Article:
Scotland’s Munros are fabled, beautiful, sometimes treacherous mountains that have long captured the imagination of hikers and climbers. Named after Sir Hugh Munro, who surveyed and catalogued them all in 1891, Munros describe any Scottish mountains taller than 3000 feet. With 282 of them across the country –some in incredibly isolated spots– completing or ‘bagging’ all the Munros can be a life’s work for walkers.

But for 26-year-old Hollie Jenkins, and her two trusty spaniel sidekicks, completing all 282 Munros is an achievement they are set to reach within just two years. Like many people, Hollie began spending more time in the outdoors during Covid lockdown and decided to scale Ben Nevis for her 25th birthday in June 2021. Awestruck by the scenery and sense of physical accomplishment, she decided to do another the next day, soon finding herself bitten by the ‘Munro bug’.

Seeing how much Hugo (a five-year-old brown cocker spaniel) and Spencer (a two-year-old tan cocker spaniel) enjoyed being out on the hills, the trio began chalking off more and more Munros in quick succession. Within a year they had climbed 70, then 100, and soon Hollie (who describes herself as a ‘determined’ individual) set the hugely ambitious challenge of doing them all within two years.

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“All my time at the moment is spent either working or hiking,” she laughs, “but I’m passionate about doing it and achieving this goal. I ended up selling my car and buying a half-converted campervan, so I spend a few days at a time living in it. Last year I was living out of it for two weeks at a time, working remotely at my day job [in marketing] from the van and then hiking in the evenings after work.”

With some of her hikes involving more than 10 hours of walking over 40km of distance, Munro-bagging in such quick succession is certainly not for the faint-hearted. And with Scottish weather often meaning conditions are cold, wet and windy, what is it about climbing Munros that Hollie has been so captivated by?

“I love the remoteness,” she explains, “and the feeling of how small you are compared to the awe of the mountains. To look around and know you are just a speck in all this amazing stuff, I find that incredible. And living in a city, having a job where you are on a screen all the time, then finishing work to sit on another screen… hiking is such a complete opposite, being in the middle of nowhere.”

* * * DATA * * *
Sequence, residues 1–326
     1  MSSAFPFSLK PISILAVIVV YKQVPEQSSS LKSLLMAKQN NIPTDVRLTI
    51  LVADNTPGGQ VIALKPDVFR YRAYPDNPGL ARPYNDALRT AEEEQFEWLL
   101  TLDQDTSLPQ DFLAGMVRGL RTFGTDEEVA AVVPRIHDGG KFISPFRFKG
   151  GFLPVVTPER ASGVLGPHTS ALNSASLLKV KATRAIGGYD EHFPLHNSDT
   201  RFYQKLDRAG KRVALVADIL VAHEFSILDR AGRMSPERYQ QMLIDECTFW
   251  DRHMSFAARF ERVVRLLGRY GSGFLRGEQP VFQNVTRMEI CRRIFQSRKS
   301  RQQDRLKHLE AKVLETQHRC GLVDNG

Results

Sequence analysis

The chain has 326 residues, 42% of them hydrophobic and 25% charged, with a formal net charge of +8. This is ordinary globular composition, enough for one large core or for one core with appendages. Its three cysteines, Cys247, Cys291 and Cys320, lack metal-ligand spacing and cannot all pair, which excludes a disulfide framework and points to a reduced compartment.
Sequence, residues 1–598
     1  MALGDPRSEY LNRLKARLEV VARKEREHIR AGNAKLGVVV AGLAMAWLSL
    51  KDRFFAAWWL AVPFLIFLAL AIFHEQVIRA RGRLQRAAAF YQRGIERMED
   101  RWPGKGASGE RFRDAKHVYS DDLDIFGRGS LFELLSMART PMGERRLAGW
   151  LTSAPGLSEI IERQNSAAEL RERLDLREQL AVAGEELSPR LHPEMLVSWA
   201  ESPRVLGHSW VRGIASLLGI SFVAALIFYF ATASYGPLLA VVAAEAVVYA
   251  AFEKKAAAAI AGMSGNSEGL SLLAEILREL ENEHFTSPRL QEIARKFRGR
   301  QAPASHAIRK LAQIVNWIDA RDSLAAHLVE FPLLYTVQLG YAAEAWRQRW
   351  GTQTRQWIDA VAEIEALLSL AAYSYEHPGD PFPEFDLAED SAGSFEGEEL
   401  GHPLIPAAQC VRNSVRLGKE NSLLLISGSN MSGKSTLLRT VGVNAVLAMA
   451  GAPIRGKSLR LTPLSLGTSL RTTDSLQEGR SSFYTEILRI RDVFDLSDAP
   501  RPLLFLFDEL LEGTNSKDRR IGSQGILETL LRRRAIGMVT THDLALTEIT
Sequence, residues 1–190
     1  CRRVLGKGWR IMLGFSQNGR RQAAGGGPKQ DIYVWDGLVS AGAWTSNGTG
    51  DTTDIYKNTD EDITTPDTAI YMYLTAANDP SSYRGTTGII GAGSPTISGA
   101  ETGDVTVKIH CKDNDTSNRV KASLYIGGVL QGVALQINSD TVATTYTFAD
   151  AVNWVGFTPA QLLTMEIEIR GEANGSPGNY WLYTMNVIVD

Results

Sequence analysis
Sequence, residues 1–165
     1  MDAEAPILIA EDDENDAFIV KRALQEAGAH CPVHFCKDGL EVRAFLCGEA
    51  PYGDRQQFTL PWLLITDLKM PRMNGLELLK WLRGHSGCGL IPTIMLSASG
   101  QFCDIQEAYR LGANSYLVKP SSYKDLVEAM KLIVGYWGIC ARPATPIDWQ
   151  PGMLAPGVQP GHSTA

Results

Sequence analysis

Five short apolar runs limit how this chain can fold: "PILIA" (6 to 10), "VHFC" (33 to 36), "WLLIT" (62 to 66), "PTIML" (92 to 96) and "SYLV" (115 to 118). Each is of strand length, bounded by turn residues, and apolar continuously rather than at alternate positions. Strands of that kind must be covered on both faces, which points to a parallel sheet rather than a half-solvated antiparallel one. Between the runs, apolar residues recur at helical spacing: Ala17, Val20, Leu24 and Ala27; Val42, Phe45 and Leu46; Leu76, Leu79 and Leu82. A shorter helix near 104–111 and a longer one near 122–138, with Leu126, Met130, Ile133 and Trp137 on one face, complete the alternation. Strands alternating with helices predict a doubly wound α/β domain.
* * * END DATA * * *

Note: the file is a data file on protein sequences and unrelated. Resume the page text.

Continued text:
As a young woman on her own, Hollie perhaps doesn’t fit the bill of what you imagine when you picture a hillwalker. But rather than being scared to climb remote mountains alone, she says she finds it “empowering”.

“I really enjoy taking myself out on my own, on my own terms and knowing I can keep myself safe and the boys safe. I get a huge sense of satisfaction and empowerment from being completely reliant on myself. When I am hiking there will be days on end that I don’t see another person, but then whenever I meet someone I find the outdoorsy lot to be very friendly and happy to help.”

And, as Hollie points out, she is never really on her own anyway. With the exception of some of the most technical Munros on Skye, which require ropes and climbing equipment, she has had Hugo and Spencer by her side for every one of her hill walks. She got Hugo when she was still a student at Edinburgh University, followed by Spencer a few years later, and set up an Instagram account called @theedinburghspaniels. It has since grown to 157,000 followers on Instagram and 60,000 on TikTok, where Hollie shares videos of her outdoors adventures to a community of enthusiastic supporters.

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She will of course, share all the details online when they climb their final Munro, Ben Lomond, later this month. Usually considered one of the easiest Munros to attempt, Hollie chose it in the hope her friends will join her for the momentous occasion, exactly two years on from when she scaled Ben Nevis. But with Munro-bagging being such a huge part of her life for the past two years, is she worried that she’ll feel at a loss when she completes them?

“I think initially I’ll be relieved not to be in a constant space of packing, unpacking, worrying about weather and route planning! Then I plan on going back and redoing the ones that I didn’t have views for (which was a lot of them) or go back and revisit the ones I really enjoyed. I would like to try the ‘Three Peaks Challenge’, I want to do Loch Ness Marathon in October, and I also want to do the West Highland Way. I like a challenge!”

The dogs, of course, will be coming along for the ride...



“The Cuillins on Skye were pretty epic. The fact you’ve got the water, and you can see across to the other islands, even as far as Ben Nevis, is insane.”


“The Fisherfield Six was a real physical challenge because you hike out the day before and stay in a bothy or wild camp. You then climb six peaks, in a 30km hike (with a fair amount of ascent) and then have to hike all the way back.”


“Mayar and Driesh are two that I would recommend to try first. Ben Vorlich at Loch Earn has a clear path up and you are rewarded with a really good view. Ben Challum and Ben Chonzie are also quite straightforward.”